How can business owners ensure that the sale of their business runs as smoothly as possible? Adam Dowdney, partner and corporate and commercial head at IBB Solicitors, provides some practical guidelines:
Understand what you want to achieve by the disposal at the outset
Selling a business doesn’t always equate to retirement or a complete handover, as some buyers will see one or more of the selling shareholders as integral to the business – at least for a certain period of time to fulfil synergies and integration.
However, if you want to agree a full exit, this will need to be raised to a potential buyer at the beginning. Alternatively, you may see this opportunity as a chance to take on a different role in the ongoing business or reinvest in the acquiring entity. So consider at the outset what you want to achieve from the disposal process.
Finding the right buyer
Corporate finance specialists working in different industry sectors understand the key drivers and potential acquirers in a particular market, so this is one key route to help find a potential buyer. In addition, most sellers are keen to find the right fit for their business and know their marketplace well. They may also know who could be interested in their business and where the strategic value will lie for a potential acquirer. Remember, this is a two-way process and you will need to ‘check out’ a potential buyer – make sure your advisers are involved in the due-diligence of any potential acquirers.
Do everything to ensure your business is in the best possible shape
It can take between 18-24 months to get a business in the best shape to maximise value. Make sure you start the preparation as soon as possible:
Ensure all employee contracts have restrictive covenants and all key customer supplier contracts are up-to-date;
Check for change of control provisions in key contracts, so any notification and consents can be obtained early;
Check that all relevant intellectual property is owned by your business;
Check your business is up-to-date on data protection issues;
Involve your accountant and lawyers in the process as early as possible so they can ensure your business can secure the optimum valuation;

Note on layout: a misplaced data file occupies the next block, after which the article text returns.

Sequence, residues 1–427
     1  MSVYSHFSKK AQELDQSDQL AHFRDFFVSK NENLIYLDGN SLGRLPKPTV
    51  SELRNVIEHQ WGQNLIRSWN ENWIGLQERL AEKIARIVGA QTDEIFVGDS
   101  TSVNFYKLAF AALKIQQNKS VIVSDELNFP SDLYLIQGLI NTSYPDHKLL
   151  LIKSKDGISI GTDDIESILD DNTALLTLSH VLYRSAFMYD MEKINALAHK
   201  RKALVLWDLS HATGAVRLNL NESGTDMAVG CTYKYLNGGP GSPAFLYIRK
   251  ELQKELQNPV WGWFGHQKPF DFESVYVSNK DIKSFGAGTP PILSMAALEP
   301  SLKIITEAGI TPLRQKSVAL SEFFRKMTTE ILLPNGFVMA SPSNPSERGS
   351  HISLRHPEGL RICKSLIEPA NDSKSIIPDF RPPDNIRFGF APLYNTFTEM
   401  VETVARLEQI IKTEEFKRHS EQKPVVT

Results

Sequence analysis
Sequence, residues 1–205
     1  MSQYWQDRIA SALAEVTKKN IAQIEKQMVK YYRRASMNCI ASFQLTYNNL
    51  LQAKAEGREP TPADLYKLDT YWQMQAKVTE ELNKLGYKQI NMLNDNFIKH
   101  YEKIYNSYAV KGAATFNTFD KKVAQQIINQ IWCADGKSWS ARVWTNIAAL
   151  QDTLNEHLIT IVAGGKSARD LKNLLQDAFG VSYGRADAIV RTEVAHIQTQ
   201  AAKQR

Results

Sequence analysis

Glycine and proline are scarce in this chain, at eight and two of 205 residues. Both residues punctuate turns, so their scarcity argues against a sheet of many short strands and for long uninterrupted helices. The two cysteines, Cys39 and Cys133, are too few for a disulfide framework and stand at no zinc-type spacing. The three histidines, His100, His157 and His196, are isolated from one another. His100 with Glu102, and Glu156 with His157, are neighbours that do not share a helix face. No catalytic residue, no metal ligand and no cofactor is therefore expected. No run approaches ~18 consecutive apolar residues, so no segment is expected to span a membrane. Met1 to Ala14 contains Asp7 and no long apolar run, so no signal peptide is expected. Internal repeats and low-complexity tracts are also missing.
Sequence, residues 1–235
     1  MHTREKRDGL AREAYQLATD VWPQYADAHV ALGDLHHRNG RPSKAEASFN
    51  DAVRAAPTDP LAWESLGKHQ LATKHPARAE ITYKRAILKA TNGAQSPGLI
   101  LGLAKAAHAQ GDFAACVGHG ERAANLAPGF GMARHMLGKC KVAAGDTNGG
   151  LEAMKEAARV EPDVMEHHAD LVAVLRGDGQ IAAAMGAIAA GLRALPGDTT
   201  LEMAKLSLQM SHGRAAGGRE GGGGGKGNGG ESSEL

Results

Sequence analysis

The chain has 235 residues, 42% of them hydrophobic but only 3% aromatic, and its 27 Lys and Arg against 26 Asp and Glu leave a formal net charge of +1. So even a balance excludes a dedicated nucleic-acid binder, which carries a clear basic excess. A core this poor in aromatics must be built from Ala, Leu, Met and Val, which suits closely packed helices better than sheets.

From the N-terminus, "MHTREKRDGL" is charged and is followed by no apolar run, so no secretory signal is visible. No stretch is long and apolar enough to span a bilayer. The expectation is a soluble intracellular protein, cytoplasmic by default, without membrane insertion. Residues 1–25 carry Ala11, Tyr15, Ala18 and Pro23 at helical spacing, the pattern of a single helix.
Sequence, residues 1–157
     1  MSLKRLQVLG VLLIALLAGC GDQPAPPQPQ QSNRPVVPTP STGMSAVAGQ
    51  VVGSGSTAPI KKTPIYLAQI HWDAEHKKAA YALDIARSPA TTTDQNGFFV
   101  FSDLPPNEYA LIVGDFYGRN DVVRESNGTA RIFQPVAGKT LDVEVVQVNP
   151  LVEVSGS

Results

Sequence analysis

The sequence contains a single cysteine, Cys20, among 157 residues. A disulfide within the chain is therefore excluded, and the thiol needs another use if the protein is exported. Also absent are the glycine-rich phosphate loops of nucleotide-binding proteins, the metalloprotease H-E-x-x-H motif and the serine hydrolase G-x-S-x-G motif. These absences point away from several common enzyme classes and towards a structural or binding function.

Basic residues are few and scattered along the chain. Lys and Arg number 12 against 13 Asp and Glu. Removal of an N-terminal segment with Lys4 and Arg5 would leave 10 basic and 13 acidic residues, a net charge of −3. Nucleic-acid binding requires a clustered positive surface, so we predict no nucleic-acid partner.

Check that both sides have suitably qualified advisers on board – don’t cut corners. If you feel other advisers could slow down the process or do not have the necessary expertise, speak up early.
Finally, while deals do take a while to complete, they don’t have to drag, so ensure a sensible timetable is drawn up.
Managing the process with your employees
Avoid telling employees about any proposed changes too early as this could unsettle them and lead to them losing focus – this could cause the profitability of the business to suffer.
However, key advisers and project managers who will be integral to the process in the run up to the sale will need to be advised at an early stage. If you are worried about confidentiality being breached, then ensure anyone involved signs a non-disclosure agreement.
Have clear ‘Heads of Terms’
Make sure Heads of Terms are drafted early – this is an important outline document which sets out the key terms of the deal. While most terms are not legally binding, it provides an invaluable framework for discussion between both parties ahead of progressing the specifics of the deal and drawing up the sale and purchase contract.
It is important that the seller and buyer are honest and transparent at the outset. It is far better to raise any potential deal issues at the beginning than ‘bring up a surprise’ during the deal process or worse, just before the deal is about to be signed. Buyers do not like surprises – they can affect the price or even cause a buyer to withdraw from the process.
Beware of deal fatigue
The process of selling a business can last months. Avoid getting deal fatigue and a buyer taking advantage because they know you are keen to complete. Do not lose focus on the ongoing needs and management of your business and remain steadfast and keep to your price.